As with most people, I genuinely hate to be pessimistic, but, as with most pessimists, I can’t help it. Upon learning that captive Israeli soldier Gilad Shalit would be returned home safely, I originally intended to write an article promoting a positive message of peace and prosperity. Unfortunately, that message of peace and prosperity will once again elude the state of Israel.
I foolishly believed that October 18, 2011 would be the day that a real peace - not just peace between Israel and the Palestinian Authority, or Israel and Hamas - between Israelis and the Palestinian people, would be within our sights.
With the eyes of the world on Israel and the Palestinians as they dramatically exchanged prisoners, an idealist peacenik’s dream easily came to mind. This dream, wherein we would all finally view the conflict through the eyes of the family and friends who have suffered, was finally within reach.
I truly felt that Palestinians and the Arab world would see the heartbreaking footage of Shalit being reunited with his family the same way that Israel and the global Jewish community saw it. For once, it appeared that the families - not the politicians - were the important ones in the conflict, and that compassion would transcend borders. Palestinians being reunited with Palestinians, while an Israeli was simultaneously reunited with his country, genuinely made it appear that something truly great was in our grasp. I sincerely believed that the Israeli and Palestinian publics were seeing the conflict through each other’s eyes, and that there was a window of opportunity for both people to unite over the mutual cause of love for one’s family.
These beliefs crashed on the rocks of a tragic Middle Eastern reality. Haaretz documented a rally in Gaza welcoming home the newly released mass murderers: “The joyous crowd crammed into a sandy lot, where a huge stage was set up, decorated with a mural depicting the 2006 capture of Shalit during an attack on an Israel Defense Forces base near the Gaza border. ‘The people want a new Gilad!’ the crowd chanted.”
Crowds of revellers amassed in Gaza and the West Bank, with Palestinians vowing to continue waging jihad against Israel.
The reason why peace has eluded us was demonstrated in full force, and the core of the conflict was exposed; Palestinians vowed to repeat the trauma, while the entire Jewish community wept for Shalit’s family. The people of Israel heard demoralizing calls not only from Hamas, but from the Palestinian people as well, as they promised that these kidnappings would persist. Instead of merely celebrating the return home of their beloved terrorists, the Palestinians promised more war and more bloodshed. Abba Eban’s immortal phrase (“The Palestinians never miss an opportunity to miss an opportunity”) was confirmed on 18 October, 2011.
As if this was not enough, there came an absolutely despicable interview by Egyptian reporter Shahira Amin, who forever demeaned the term ‘journalist.’ Almost immediately after his release, and before he could even see a doctor or his family, Shalit was interviewed by an Egyptian television channel. Once it was discovered that Shalit had been interviewed with armed Hamas strongmen in the room (certainly coercing him into the interview), it made the already disturbing footage that much more uncomfortable. Decent people everywhere questioned whether Amin and the Egyptians who conducted the interview had any respect for Shalit’s human dignity whatsoever.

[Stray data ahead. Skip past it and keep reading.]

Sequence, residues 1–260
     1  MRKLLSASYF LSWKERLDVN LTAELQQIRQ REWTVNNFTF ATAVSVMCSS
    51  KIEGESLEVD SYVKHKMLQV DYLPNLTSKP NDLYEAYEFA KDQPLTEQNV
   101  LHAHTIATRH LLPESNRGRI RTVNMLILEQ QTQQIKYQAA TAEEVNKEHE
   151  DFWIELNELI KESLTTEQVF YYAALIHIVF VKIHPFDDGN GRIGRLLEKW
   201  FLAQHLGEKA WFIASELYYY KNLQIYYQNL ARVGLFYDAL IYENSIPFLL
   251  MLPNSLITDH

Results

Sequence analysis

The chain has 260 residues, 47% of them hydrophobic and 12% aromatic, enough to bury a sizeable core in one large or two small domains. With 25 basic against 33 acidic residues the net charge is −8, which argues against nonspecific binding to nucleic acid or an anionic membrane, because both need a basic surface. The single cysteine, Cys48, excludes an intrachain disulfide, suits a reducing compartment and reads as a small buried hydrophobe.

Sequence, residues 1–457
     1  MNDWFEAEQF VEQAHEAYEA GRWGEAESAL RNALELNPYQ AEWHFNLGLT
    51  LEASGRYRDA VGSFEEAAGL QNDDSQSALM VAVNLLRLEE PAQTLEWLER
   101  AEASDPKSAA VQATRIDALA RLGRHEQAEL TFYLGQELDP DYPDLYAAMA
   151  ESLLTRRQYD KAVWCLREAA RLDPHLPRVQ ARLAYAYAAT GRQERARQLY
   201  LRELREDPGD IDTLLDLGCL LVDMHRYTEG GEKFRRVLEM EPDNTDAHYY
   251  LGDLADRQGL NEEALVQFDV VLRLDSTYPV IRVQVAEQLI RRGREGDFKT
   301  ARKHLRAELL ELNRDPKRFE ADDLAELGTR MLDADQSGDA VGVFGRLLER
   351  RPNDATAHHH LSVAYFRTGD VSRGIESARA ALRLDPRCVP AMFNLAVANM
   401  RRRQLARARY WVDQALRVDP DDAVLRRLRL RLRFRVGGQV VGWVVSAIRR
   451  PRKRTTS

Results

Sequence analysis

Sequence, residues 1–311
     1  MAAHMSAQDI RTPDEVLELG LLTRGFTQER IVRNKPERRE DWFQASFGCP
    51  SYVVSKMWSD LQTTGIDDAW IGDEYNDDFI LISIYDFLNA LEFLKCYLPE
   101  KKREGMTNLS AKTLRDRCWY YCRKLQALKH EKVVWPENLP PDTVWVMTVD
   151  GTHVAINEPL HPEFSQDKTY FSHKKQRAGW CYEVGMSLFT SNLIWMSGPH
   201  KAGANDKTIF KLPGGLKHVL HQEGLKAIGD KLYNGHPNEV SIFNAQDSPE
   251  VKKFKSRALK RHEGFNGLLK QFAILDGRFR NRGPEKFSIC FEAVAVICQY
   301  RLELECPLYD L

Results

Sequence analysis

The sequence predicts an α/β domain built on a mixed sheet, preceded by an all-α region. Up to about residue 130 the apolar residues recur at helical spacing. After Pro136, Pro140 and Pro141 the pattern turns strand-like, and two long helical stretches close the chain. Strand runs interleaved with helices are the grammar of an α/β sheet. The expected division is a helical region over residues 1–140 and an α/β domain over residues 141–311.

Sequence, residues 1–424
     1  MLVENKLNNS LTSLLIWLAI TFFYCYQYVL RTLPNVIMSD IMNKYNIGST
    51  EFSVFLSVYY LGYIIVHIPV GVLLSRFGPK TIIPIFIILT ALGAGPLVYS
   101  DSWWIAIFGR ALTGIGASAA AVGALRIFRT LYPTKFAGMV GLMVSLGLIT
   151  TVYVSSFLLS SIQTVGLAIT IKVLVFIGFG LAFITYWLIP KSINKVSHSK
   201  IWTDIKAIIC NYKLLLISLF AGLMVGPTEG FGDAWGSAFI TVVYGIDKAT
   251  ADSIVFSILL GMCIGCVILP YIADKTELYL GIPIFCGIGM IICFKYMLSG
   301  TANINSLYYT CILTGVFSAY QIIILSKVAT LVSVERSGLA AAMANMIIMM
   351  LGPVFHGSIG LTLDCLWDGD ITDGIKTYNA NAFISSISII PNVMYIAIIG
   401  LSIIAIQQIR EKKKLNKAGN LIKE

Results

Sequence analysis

Despite Shalit appearing in immense physical and emotional discomfort, Amin displayed no compassion for the young man who had just left five years of hell. Instead, she took to badgering him with insensitive and plainly inappropriate questions. Amin illustrated her magnificent journalistic finesse by asking the newly released prisoner questions such as, “There are more than 5,000 Palestinians in Israeli jails. Will you help campaign for their release?” and, “What has the experience brought you? Has it made you stronger?”
Amin later said that she felt sympathy for Shalit, whose age is similar to that of her children. Yet any decent mother, let alone any civilized human being, would never stall the reunification of a son with his family to conduct a coerced and heartless interview. Bear in mind, also, that this interview was not conducted by a Gazan or West Bank media source; rather, it came from a reporter from Egypt, a Western ally with a formal peace with Israel. The single most tragic aspect of the interview was that Amin treated Shalit as if he had done something wrong.
These are not isolated incidents, but rather are microcosms of the broad and deep hatred for the state of Israel in the Arab world. Perhaps a brilliant cultural theorist can analyze why Gaza and the West Bank are the only two places on the planet where mass-murdering villains are given a heroes’ welcomes, or how a mother could stall the reunion of a young boy with his mother and father to hound him with insanely idiotic questions that would make anyone with a brain and a soul cringe. Regardless of the answer, peace continues to elude the state of Israel.
The views expressed in this opinion piece are the author's own and do not necessarily represent those of The Prince Arthur Herald.
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photo credit IDF